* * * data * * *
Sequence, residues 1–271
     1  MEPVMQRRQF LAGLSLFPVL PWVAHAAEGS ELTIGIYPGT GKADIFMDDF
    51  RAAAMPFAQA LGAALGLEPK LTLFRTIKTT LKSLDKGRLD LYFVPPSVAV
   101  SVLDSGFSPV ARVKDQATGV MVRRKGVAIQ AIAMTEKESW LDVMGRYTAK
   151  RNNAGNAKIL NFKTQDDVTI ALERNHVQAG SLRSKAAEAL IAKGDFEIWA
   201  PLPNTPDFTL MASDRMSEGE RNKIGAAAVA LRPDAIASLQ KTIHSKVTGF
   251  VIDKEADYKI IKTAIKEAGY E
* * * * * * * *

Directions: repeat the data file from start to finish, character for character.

Sequence, residues 1–271
     1  MEPVMQRRQF LAGLSLFPVL PWVAHAAEGS ELTIGIYPGT GKADIFMDDF
    51  RAAAMPFAQA LGAALGLEPK LTLFRTIKTT LKSLDKGRLD LYFVPPSVAV
   101  SVLDSGFSPV ARVKDQATGV MVRRKGVAIQ AIAMTEKESW LDVMGRYTAK
   151  RNNAGNAKIL NFKTQDDVTI ALERNHVQAG SLRSKAAEAL IAKGDFEIWA
   201  PLPNTPDFTL MASDRMSEGE RNKIGAAAVA LRPDAIASLQ KTIHSKVTGF
   251  VIDKEADYKI IKTAIKEAGY E